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Members of the Black Watch, one of the famed Scottish regiments, undergo rough training in South Coast sector of England, in 1940. The men were training to be combat parachutists. (AP Photo) #

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The Royal Irish Fusiliers of the British expeditionary forces come to the aid of French farmers whose horses have been commandeered by the French Army. A tank is hitched to a plow to help with the spring tilling of the soil on March 27, 1940. (AP Photo) #

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Belgian women tearfully have goodbye to husbands and sons leaving for the front line as the threat of invasion hung heavily over their homeland, on May 11, 1940. (AP Photo) #

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A formation of German Ju 87 Stuka dive bombers are flying over an unknown location, in this May 29, 1940 photo. (AP Photo) #

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A German soldier operates his antiaircraft gun at an unknown location, in support of the German troops as they march into Danish territory, on April 9, 1940. (AP Photo) #

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Reconnaissance squads head the German advance into Luxembourg, on May 10, 1940. (AP Photo) #

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German parachute troops descending on Fort Eben Emael in Belgium, on May 30, 1940, part of a larger surprise attack. (AP Photo) #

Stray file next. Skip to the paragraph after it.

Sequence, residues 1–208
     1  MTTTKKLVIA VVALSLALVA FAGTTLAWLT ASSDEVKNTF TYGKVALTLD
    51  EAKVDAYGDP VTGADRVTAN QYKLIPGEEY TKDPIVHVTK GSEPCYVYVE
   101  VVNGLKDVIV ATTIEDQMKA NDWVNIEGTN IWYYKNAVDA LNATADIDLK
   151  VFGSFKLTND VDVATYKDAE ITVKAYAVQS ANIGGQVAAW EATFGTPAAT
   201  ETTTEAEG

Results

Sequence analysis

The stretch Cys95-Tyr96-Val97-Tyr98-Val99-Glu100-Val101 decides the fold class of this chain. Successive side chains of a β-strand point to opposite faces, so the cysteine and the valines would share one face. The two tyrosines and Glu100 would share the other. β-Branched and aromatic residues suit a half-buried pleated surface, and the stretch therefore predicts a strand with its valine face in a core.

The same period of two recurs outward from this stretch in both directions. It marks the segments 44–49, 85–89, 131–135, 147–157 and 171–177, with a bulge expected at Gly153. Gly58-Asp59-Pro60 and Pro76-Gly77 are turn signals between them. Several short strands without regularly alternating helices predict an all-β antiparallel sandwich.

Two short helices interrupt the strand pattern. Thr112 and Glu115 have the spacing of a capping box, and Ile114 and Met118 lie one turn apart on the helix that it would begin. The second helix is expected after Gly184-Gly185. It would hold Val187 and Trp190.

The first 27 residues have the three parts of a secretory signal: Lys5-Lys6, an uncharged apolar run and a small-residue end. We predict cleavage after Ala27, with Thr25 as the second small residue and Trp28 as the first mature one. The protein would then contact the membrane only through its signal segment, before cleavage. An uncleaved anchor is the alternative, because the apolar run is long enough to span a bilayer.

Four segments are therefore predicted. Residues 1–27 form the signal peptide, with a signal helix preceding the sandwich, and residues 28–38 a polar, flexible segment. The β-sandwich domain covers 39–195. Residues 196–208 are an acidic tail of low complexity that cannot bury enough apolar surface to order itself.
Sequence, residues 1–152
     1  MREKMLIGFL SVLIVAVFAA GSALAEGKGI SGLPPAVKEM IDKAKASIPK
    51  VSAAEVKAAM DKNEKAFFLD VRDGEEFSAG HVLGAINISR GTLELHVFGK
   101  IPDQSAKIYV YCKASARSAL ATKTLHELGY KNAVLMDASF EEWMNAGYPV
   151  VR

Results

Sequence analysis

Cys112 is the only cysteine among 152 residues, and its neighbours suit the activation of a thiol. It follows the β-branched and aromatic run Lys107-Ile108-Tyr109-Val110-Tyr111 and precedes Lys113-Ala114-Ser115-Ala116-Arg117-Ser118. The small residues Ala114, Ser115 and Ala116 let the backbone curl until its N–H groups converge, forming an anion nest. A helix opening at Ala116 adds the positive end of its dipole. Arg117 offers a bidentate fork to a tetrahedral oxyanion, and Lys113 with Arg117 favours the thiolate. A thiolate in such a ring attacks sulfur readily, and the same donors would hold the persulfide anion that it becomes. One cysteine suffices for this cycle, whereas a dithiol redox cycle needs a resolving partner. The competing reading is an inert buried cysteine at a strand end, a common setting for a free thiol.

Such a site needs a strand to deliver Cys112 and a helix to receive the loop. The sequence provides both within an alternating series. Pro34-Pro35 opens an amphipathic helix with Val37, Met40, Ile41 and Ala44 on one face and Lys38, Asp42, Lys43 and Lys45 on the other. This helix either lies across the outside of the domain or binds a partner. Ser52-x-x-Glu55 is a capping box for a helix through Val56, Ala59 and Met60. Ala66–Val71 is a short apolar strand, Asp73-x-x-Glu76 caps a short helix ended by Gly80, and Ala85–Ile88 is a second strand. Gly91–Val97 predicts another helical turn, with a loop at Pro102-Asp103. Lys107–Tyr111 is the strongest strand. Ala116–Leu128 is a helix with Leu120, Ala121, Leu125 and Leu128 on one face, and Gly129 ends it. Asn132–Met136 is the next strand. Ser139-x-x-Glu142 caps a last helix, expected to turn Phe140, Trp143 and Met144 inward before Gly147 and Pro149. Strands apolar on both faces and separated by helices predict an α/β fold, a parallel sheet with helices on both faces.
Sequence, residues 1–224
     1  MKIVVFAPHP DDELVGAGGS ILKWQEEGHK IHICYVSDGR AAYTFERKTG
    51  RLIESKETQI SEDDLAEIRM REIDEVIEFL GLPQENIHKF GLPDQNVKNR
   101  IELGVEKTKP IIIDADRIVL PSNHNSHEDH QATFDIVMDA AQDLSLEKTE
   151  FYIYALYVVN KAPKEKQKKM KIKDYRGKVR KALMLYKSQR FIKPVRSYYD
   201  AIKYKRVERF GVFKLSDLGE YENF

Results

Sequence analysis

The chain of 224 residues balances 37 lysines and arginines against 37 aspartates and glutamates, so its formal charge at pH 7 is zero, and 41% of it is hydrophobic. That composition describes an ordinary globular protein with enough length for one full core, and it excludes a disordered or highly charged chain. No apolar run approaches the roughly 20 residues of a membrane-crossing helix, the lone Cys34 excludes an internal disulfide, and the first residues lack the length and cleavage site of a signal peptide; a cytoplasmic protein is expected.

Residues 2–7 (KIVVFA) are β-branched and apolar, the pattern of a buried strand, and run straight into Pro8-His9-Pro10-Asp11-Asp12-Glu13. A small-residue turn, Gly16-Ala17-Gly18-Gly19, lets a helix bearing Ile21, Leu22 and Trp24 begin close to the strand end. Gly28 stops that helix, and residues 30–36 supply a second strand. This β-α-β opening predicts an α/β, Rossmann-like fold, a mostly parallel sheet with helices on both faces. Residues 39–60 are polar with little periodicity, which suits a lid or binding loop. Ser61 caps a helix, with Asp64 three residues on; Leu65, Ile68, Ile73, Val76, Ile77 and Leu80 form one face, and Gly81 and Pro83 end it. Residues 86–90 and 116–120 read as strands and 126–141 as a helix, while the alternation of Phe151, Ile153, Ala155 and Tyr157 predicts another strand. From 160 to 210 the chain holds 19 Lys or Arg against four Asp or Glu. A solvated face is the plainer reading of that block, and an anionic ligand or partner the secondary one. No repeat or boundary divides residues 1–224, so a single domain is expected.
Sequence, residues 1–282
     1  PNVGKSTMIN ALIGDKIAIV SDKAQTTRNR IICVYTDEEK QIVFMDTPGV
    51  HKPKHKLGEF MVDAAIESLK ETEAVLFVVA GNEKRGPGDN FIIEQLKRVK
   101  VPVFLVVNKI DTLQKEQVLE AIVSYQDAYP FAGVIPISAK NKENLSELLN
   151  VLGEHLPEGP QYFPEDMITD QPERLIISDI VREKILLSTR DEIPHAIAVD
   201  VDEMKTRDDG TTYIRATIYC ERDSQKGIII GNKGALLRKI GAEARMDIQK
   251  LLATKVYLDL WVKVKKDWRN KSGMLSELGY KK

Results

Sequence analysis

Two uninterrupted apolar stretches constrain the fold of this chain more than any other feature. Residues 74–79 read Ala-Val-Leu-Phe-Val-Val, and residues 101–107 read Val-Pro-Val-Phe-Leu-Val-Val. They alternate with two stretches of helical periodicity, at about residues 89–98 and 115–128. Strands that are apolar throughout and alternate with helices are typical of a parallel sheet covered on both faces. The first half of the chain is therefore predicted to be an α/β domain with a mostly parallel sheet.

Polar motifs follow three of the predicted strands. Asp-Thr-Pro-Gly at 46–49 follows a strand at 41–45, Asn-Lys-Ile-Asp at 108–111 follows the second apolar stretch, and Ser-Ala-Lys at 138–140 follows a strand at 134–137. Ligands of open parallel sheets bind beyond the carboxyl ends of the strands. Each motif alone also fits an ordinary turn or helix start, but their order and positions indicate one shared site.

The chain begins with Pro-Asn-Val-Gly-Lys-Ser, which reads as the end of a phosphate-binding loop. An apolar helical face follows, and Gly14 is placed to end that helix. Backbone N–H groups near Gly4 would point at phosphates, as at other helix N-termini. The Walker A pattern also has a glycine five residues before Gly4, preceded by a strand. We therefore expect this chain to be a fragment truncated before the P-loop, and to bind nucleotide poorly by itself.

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French soldiers load a piece of artillery in a wood somewhere in the Western Front on May 29, 1940. The shell will be fired into the Nazioccupied sector of the soldiers' homeland. (AP Photo) #

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A formation of German Dornier Do 17Z light bombers, flying over France on June 21, 1940. (Deutsches Bundesarchiv/German Federal Archive) #

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German parachute troops man a machine gun post in the Netherlands, on June 2, 1940. This photo came from a camera found on German parachute troops who were taken prisoner. (AP Photo) #

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Belgians blasted this bridge across the Meuse River in the town of Dinant, Belgium, but shortly, a wooden bridge built by German sappers was standing next to the ruins, on June 20, 1940. (AP Photo) #

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A woman, fleeing from her home with the few possessions she can carry, takes cover behind a tree by the roadside, somewhere in Belgium, on May 18, 1940, during an aerial attack by Nazi planes. Her bicycle, with her belongings tied to it, rests against the tree, to which she clings for protection. (AP Photo) #